Author Topic: 401K's but 8k in credit card debt  (Read 1598 times)

Bmore

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401K's but 8k in credit card debt
« on: February 03, 2017, 01:29:04 PM »
Hello everyone! I've come for advice! My current situation is as follows:

Age: 27
Income: $51,000
Rent: $950
Retirement TSP Account: ~$17,000
Retirement Vanguard Account (2055 Life Cycle Fund) ~$8,200
Student Debt: $10,000
Personal Loan: $9,500 (9% interest)
Credit Card Debt: $8,000 (16%)

Between a car payment, insurance, cell phone, food and gas, I'm basically check to pay check. I absolutely pay everything on time and have a great credit score (780). I would really like to get rid of my credit card debt as soon as possible. I find it very tempting to cash in some of my retirement account to get rid of it completely but realize I would be missing out on potential gains. GOOD or BAD idea? I'm also in the works to drive for Uber on the side to put a bigger dent into getting the debts paid off. So, basically my main question is whether or not it's a terrible idea to cash in come retirement to get rid of the high interest CC debt. Once I get rid of that debt, I can instead be putting more money into retirement and savings instead of towards a CC payment. Any advice would be greatly appreciated!

GizmoTX

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Re: 401K's but 8k in credit card debt
« Reply #1 on: February 03, 2017, 01:47:15 PM »
BAD idea. You'll likely be paying a big penalty to tap your retirement fund, & that contribution amount can never be replaced.

Yes, 16% & 9% on $17.5K of debt is a hair on fire emergency -- you should be increasing your income & cutting spending still further. Make sure you really can come out ahead with Uber/Lyft driving. Otherwise, consider replacing your car with a beater to get out of the car payment & realize extra cash.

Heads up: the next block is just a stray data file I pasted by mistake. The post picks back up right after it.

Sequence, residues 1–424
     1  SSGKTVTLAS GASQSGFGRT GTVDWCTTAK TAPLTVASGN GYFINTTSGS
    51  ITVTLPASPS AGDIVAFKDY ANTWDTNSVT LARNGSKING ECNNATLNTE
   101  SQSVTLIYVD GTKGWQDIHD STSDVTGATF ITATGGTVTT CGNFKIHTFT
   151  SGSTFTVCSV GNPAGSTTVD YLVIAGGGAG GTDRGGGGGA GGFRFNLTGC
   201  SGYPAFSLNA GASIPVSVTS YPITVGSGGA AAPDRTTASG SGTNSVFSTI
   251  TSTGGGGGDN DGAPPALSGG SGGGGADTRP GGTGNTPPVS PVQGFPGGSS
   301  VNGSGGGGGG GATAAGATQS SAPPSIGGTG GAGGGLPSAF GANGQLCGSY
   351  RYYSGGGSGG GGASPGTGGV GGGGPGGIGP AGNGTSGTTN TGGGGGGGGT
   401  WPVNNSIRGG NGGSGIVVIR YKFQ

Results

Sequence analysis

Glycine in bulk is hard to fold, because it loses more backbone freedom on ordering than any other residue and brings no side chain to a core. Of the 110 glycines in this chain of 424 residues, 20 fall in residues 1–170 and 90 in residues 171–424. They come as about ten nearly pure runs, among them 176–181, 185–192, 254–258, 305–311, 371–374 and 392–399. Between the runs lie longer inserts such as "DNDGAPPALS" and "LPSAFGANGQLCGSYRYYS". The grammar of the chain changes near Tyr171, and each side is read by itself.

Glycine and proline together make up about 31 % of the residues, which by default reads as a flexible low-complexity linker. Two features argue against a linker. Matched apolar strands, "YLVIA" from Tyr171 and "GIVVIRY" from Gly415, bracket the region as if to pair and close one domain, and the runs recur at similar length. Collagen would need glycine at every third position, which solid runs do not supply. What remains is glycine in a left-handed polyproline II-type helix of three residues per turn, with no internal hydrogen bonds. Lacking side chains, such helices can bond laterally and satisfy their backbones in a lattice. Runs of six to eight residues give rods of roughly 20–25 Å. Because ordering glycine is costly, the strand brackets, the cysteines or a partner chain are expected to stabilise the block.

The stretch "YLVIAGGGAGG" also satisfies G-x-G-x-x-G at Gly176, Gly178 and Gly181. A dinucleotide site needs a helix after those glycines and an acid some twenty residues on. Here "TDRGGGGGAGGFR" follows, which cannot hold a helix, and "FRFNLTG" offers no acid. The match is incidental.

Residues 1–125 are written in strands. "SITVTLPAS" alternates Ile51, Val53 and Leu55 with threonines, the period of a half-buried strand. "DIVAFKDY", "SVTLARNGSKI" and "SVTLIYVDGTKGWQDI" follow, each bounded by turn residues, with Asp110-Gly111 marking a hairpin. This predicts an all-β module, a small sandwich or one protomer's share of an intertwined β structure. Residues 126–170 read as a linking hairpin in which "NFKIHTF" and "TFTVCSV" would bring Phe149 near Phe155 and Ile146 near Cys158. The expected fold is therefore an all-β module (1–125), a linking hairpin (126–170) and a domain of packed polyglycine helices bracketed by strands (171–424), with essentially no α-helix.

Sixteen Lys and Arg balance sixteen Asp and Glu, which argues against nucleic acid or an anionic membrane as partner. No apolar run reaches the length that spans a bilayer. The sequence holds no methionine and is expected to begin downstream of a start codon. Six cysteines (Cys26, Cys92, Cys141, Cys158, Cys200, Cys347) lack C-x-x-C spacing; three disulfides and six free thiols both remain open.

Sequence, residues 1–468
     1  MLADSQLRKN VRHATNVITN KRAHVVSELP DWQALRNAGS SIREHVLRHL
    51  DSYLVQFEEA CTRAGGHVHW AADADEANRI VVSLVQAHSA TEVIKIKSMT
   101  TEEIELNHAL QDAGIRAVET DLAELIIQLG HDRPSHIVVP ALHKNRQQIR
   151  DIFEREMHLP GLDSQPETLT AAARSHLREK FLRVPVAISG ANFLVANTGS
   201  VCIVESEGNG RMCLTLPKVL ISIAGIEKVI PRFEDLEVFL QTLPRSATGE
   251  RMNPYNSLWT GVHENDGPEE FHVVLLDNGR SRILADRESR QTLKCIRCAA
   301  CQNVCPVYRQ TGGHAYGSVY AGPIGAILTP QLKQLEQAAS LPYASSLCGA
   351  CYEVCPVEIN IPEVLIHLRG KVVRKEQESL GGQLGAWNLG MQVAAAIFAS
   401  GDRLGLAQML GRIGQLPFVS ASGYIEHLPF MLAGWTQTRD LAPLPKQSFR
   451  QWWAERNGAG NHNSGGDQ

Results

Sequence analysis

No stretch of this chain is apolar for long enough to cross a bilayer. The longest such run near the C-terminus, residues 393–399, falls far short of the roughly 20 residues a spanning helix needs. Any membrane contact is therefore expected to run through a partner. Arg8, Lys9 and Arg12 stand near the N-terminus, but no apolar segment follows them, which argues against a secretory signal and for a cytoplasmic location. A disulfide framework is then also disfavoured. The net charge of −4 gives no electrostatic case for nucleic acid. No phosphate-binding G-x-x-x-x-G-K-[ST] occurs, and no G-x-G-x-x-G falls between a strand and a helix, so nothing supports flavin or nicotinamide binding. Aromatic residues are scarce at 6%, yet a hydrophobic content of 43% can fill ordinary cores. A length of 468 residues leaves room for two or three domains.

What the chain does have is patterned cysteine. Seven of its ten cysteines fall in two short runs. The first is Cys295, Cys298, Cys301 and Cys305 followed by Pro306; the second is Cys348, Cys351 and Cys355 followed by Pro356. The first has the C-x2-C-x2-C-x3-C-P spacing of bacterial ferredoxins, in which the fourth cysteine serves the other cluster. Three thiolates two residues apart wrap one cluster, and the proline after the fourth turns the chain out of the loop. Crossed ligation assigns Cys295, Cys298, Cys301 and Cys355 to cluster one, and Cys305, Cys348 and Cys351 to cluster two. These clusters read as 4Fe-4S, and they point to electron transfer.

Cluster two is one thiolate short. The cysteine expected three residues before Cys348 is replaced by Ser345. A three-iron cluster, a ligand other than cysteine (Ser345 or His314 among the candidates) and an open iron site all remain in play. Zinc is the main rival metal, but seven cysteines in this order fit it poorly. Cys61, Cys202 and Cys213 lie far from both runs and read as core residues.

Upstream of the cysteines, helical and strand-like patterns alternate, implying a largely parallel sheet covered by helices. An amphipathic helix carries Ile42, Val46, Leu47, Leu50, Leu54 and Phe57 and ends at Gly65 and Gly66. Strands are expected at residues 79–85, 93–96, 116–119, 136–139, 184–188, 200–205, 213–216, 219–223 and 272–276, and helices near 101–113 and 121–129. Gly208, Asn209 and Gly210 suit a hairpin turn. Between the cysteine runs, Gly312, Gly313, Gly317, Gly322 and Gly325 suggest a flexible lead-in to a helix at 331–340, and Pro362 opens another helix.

Platypuses

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Re: 401K's but 8k in credit card debt
« Reply #2 on: February 03, 2017, 01:50:54 PM »
Are you currently contributing to your 401k? If so how much, and is your company matching?
 I would be hesitant to cash out, but 16% interest is in the range of considering. You will have to pay a 10 % early withdrawal fee I believe.

Ynari

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Re: 401K's but 8k in credit card debt
« Reply #3 on: February 03, 2017, 02:00:13 PM »
I'd consider posting a full case-study. Not knowing your car payment, cell phone costs, etc., it's hard to say if you can improve there or not. (Cell phones are a notoriously simple area to cut slack out of by switching plans.) Try to cut as much slack as you can, and then consider if the 401k penalty makes sense.

Have you looked into income-based repayment for your student loans? Since that interest rate is almost assuredly lower than 16%, it may be worth it to see if you can lower that payment to give you some wiggle room to pay off the credit card debt sooner.

bugbaby

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Re: 401K's but 8k in credit card debt
« Reply #4 on: February 03, 2017, 02:33:23 PM »
In your case a 401k loan makes sense as long as your job is fairly secure. Thus way no withdrawal penalty. Pay it back in a year, plus continue doing max possible 401k contributions.

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yachi

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Re: 401K's but 8k in credit card debt
« Reply #5 on: February 03, 2017, 02:50:19 PM »
Did I miss something, or did no one even ask what type of retirement account this is?  If it's a 401(K), I'd suggest taking out a loan against it.  If it's a Roth IRA, then you can withdrawal all your contributions without penalty. Edit: Got it, it's in the title

I think you need more motivation to pay off the credit card, and carry a balance on it again.
Here is the growth of $8,000 at 16% interest (ignoring Late fees or penalties):
Today:            8,000
in 5 years:     16,802
in 10 years:   35,291
in 20 years: 155,686
in 30 years: 686,799

You have an excellent income for what you are paying in rent.  From what you posted, it's hard to see how that much income isn't covering your needs.
« Last Edit: February 03, 2017, 02:59:20 PM by yachi »